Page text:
“I’m trying to get [merchants] to understand they have to have a voice,” Drapkin said. “They need to be part of the solution.”
The Richmond Standard recently spoke with dozens of businesses along the corridor. Of those willing to discuss the matter, they all agree on some main points: Crime – particularly prostitution – needs to go. But the corridor’s popular, Latino-owned businesses must stay.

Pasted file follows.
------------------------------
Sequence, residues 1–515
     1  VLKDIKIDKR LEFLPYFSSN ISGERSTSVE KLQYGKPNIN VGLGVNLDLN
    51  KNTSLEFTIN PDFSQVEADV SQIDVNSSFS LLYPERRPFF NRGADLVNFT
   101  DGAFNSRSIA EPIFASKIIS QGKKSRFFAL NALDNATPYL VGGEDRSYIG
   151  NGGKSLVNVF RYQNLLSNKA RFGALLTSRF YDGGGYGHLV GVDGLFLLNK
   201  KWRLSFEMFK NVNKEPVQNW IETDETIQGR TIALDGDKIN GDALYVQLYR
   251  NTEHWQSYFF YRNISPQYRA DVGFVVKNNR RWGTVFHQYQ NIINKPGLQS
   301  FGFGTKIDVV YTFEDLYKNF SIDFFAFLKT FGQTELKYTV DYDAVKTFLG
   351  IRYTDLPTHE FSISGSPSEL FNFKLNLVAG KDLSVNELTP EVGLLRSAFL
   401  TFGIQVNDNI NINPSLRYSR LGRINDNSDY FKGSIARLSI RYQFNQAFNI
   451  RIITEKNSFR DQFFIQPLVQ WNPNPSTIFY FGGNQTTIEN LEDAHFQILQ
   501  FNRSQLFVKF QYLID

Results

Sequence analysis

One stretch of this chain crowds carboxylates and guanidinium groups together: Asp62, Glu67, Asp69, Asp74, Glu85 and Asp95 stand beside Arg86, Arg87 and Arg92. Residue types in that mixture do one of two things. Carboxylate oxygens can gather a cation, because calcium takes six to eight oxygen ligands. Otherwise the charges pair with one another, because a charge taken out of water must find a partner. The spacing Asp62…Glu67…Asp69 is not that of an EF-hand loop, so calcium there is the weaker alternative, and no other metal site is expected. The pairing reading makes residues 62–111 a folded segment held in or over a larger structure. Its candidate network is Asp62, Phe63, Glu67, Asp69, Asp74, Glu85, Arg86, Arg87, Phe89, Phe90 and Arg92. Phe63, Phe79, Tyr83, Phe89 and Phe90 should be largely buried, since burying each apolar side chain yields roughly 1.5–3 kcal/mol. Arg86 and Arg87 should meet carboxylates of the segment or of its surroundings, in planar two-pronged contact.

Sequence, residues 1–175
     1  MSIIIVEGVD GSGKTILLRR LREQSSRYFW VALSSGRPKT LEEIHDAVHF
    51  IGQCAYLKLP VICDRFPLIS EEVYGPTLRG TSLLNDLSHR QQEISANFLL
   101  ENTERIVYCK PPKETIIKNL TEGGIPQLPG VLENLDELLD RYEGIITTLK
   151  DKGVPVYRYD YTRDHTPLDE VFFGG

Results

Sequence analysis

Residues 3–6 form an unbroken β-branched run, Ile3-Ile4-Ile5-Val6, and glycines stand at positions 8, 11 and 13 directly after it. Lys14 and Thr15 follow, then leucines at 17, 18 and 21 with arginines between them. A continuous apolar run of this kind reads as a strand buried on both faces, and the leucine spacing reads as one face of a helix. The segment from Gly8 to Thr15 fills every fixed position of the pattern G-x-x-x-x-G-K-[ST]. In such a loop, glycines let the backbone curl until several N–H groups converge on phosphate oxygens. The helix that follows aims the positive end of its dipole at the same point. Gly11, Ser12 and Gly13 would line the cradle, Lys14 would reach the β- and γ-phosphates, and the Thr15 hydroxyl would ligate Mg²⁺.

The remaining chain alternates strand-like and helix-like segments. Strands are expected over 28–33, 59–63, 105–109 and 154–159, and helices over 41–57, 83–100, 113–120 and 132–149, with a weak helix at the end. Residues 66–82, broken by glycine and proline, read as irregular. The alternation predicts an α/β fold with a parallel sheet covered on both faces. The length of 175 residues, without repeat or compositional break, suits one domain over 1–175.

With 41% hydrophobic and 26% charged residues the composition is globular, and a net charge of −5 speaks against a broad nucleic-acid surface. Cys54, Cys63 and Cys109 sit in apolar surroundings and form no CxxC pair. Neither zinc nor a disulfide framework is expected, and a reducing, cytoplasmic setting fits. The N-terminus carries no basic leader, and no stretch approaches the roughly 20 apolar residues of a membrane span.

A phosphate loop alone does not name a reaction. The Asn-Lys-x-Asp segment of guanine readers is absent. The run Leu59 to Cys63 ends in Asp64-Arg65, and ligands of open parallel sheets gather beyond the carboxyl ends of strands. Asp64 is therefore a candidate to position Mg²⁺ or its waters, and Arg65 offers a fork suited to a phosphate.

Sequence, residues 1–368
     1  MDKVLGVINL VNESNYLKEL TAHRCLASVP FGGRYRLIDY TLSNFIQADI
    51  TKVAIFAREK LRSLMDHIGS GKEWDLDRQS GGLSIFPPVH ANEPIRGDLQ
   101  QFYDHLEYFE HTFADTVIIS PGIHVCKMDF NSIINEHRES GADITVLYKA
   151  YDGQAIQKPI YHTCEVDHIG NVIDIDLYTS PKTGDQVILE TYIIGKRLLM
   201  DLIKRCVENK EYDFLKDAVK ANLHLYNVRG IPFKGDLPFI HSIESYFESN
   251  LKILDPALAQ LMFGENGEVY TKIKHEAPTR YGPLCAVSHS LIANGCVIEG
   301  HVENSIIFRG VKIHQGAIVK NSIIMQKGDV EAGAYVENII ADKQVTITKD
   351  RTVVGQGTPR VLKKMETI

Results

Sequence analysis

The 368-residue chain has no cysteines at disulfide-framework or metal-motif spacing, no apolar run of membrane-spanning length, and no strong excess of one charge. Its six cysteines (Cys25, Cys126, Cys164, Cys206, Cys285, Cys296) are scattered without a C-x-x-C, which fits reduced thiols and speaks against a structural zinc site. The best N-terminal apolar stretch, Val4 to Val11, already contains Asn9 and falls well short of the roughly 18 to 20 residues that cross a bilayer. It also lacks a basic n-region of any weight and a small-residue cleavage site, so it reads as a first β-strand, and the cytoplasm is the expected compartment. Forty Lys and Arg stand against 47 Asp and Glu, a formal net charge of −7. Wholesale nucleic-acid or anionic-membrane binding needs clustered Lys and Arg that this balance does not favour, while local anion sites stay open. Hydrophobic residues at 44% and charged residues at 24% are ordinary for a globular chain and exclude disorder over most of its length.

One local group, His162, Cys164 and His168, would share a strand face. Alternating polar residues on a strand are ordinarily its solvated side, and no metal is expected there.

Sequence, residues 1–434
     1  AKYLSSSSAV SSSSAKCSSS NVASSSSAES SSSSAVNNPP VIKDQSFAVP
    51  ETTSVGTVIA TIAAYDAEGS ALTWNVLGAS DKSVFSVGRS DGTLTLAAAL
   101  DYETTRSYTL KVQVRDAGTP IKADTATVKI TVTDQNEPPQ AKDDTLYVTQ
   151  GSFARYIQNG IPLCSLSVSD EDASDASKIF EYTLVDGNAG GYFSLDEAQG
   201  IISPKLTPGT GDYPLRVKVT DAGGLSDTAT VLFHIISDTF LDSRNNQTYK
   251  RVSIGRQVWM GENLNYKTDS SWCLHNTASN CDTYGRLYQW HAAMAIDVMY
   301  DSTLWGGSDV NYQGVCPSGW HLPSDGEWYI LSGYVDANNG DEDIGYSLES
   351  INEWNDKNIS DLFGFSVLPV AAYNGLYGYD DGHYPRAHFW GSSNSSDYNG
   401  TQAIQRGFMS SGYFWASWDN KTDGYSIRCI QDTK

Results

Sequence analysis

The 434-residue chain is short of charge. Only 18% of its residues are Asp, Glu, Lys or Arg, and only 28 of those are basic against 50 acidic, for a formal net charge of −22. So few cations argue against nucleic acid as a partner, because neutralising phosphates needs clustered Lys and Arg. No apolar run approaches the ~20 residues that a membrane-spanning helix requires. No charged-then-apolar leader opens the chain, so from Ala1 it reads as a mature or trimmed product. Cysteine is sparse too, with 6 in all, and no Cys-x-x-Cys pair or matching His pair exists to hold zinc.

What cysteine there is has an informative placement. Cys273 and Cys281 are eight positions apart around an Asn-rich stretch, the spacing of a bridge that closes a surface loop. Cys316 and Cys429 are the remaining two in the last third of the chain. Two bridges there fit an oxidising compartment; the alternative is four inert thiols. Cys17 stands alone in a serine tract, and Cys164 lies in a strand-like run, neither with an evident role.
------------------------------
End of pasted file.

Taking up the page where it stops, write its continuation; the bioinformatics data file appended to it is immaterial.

That’s exactly Drapkin’s mission – to achieve positive change without gentrification. But Drapkin has long-known that any plan, no matter how comprehensive, multi-faceted or community-driven, is easier to devise than to sell to merchants and neighbors.
“I’m a stranger and I have had to prove myself,” said Drapkin.